Review of Ballet Cymru's Little Red Riding Hood & Three Little Pigs

PUBLISHED: 20:45 31 October 2012

Little Red Riding Hood, Emily Pimm Edwards [Picture: John Bishop]

Little Red Riding Hood, Emily Pimm Edwards [Picture: John Bishop]

© John Bishop 2012

BALLET Cymru's Little Red Riding Hood & Three Little Pigs at the Hawthorne Theatre, in Welwyn Garden City, left Codicote comedian, writer and playwright Johnny Tait spellbound.

Sam Bishop, centre, holding Emily, and Lydia Arnoux, the blond girl seen in her non-piggy role second from right [Picture: John Bishop]Sam Bishop, centre, holding Emily, and Lydia Arnoux, the blond girl seen in her non-piggy role second from right [Picture: John Bishop]

THERE is no way a barrow boy from the Elephant and Castle would ever go to see a ballet.

I mean ballet is for posh people, you know the type, they talk like they have got a thousand plums in their mouth. And even then only old people go to the ballet, it’s not for anyone under 65, oh no. If you think that is the case, you could not be further wrong.

This ex-barrow boy went along to see the ballet version of Little Red Riding Hood and The Three Little Pigs and thoroughly enjoyed every moment of it.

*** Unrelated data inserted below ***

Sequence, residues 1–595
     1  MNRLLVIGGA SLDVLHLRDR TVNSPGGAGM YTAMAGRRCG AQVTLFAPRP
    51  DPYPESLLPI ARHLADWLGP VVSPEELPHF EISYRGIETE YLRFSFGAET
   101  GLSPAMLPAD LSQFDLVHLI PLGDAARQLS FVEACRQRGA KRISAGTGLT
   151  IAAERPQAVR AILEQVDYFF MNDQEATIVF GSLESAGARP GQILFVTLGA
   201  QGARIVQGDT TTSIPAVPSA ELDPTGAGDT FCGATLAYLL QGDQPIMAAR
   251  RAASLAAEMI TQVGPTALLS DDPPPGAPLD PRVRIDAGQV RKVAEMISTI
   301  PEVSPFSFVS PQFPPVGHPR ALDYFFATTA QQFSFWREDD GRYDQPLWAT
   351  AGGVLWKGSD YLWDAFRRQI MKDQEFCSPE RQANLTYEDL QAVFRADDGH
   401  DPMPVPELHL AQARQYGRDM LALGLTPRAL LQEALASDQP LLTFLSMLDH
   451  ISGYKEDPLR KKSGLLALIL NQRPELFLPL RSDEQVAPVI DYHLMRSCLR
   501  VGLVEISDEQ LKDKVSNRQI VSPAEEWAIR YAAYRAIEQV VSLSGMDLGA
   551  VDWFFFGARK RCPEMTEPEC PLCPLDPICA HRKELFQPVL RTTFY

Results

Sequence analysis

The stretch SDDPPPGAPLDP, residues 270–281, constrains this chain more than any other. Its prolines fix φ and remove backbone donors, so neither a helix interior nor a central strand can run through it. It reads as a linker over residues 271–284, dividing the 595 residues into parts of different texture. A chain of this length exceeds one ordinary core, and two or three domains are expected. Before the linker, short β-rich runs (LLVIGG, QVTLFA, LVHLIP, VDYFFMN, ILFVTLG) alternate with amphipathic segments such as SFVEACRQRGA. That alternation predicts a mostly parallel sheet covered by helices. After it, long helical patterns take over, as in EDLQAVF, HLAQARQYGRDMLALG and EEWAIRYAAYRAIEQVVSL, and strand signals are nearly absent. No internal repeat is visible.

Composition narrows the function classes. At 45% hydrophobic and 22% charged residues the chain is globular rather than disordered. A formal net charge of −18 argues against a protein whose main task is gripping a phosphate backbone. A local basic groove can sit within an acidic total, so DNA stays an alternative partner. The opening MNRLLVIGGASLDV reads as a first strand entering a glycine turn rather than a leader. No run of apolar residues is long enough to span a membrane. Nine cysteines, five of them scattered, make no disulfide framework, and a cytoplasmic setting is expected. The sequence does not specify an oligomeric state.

You know the feeling – you are watching a show, and all of a sudden you think, it’s not finished already has it? I was enjoying that.

The Hawthorne Theatre has been attracting first-class productions from companies all over the UK and abroad, and this time it was Ballet Cymru that provided us with an adaptation of the Roald Dahl tales.

The backbone of the show was the excellent composition from Paul Patterson, played by the Welsh Session Orchestra, add to the mix the creativity of artistic director Darius James, throw in a set that was basic but extremely effective and pleasing to the eye, clever use of lighting, and, of course, an extremely talented cast, and we have first-class entertain-ment for the whole family.

The entire cast performed with a warmth and enthusiasm that kept the audience engrossed throughout. Hats off to Sam Bishop who performed his role as narrator while dancing with uncanny ease and expertise.

As a director and a producer myself, I would worry about asking a young lady to take on the role of a pig in case she took offence, due to the perception people have to the meaning of the term pig.

But my heart was won over by a pig played by the shortest member of the cast, Lydia Arnoux, who had a smile that would brighten up even the dullest party political broadcast. I don’t think I will ever eat bacon again!

It was an absolute joy to see newlywed Emily Pimm Edwards take on the role of Little Red Riding Hood.

Having seen the way Emily brought the character to life it is not surprising to hear that she has landed leading roles in other productions, including Juliet in Romeo and Juliet.

I am now looking forward to the return of the Vienna Festival Ballet company on November 11 performing Tchaikovsky’s The Nutcracker and hope that Ballet Cymru are asked to pirouette back to Hawthorne Theatre in the future.

Review by Johnny Tait

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